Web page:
The NHS should consider paying patients with severe mental illness to take their medication, a leading expert has said, after a study showed that offering “modest financial incentives” significantly improved adherence to antipsychotic treatments.
While admitting that the idea was “controversial”, Professor Stefan Priebe of Queen Mary, University of London, said that there was now “no denying” that incentives worked and called for them to be considered in scenarios where patients were being put at risk by missing doses.
His call follows the conclusion of a study in which patients with schizophrenia, schizoaffective disorder and bi-polar disorder, who had been prescribed and consented to long acting antipsychotic injections, were given a £15 incentive for each injection they gave themselves over a 12-month period.
At the start of the trial, average adherence to drug treatment among this group was 69 per cent, but rose to 85 per cent for the 12 months that incentives were offered. Levels of adherence in a control group of patients who were not offered incentives increased only slightly, from 67 per cent to 71 per cent.
Patients in the incentive group were also more likely to take nearly every dose – with 28 per cent of them achieving 95 per cent adherence compared to just five per cent in the control group.
The research is published in the British Medical Journal.
Professor Priebe said that many “mainstream methods” of improving adherence to mental health treatments had failed and alternatives needed to be explored.
“In lots of areas of medicine it doesn’t make too much difference if a patient misses a certain proportion of prescribed medicine,” he said. “However, among patients with severe mental illness, just missing one or two doses of antipsychotic drugs poses a high risk of relapse. In these circumstances a relapse can be very difficult; involving re-hospitalisation and highly distressing symptoms for both patients and their carers.”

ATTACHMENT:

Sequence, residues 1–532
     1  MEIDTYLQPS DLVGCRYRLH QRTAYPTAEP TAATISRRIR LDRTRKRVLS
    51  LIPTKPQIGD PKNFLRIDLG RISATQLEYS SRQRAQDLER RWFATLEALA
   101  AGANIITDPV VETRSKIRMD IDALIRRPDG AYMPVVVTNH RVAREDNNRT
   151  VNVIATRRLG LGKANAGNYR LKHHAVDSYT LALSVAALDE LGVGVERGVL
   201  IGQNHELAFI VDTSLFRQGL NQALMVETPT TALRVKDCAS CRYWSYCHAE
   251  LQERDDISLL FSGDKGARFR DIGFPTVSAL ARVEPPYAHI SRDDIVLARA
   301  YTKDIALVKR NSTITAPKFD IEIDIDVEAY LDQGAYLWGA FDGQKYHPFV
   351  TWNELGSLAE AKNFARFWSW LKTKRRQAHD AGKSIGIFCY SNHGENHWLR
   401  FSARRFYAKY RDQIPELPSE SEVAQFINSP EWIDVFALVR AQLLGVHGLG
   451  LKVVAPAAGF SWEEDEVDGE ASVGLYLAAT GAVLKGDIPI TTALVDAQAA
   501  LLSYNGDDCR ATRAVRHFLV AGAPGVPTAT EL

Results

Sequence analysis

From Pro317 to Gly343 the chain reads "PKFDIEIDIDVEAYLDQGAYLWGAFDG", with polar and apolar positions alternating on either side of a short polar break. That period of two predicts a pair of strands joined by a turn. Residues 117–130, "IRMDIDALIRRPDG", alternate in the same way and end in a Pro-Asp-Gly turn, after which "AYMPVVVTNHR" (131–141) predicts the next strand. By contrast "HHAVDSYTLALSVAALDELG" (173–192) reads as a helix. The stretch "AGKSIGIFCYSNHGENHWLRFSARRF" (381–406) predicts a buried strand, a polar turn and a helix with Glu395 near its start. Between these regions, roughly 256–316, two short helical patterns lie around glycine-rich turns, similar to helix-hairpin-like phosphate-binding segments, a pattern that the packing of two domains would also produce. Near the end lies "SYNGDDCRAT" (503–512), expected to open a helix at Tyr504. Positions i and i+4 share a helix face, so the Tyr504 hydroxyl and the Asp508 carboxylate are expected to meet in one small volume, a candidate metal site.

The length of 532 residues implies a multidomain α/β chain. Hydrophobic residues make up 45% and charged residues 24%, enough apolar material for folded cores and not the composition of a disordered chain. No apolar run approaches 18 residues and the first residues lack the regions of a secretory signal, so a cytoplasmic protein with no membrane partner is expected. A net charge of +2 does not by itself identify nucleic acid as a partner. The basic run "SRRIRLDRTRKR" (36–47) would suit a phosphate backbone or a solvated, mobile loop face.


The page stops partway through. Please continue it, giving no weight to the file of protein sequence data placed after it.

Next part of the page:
However, the UK’s leading mental health charity, Mind, said that financial incentives were inappropriate because they might influence a patient’s decision to consent to a long-term drug treatment or not.
Alison Cobb, the charity’s senior policy and campaigns officer, said: “Making a decision about whether or not to take medication should be based on the efficacy of the drug, rather than a monetary incentive. People with mental health problems are more likely to experience debt and unemployment; and rely on support from benefits, so the ‘modest’ incentive offered within this study could be enough to influence their decision.
“Antipsychotic drugs are known to have a range of potentially serious adverse affects, so should only be taken when the benefits outweigh the side effects, and not because there is a financial reward involved,” she added. “People with mental health problems should be offered a wide range of treatments, not just drugs; and those taking antipsychotics should be closely monitored.”
There is currently no national guidance on financial incentives for mental health patients to encourage adherence to medication, but the National Institute of Health and Care Excellence (NICE) has recommended that “modest financial incentives” or vouchers can be offered to patients who misuse drugs in reward for “positive behaviours” such as reducing drug use.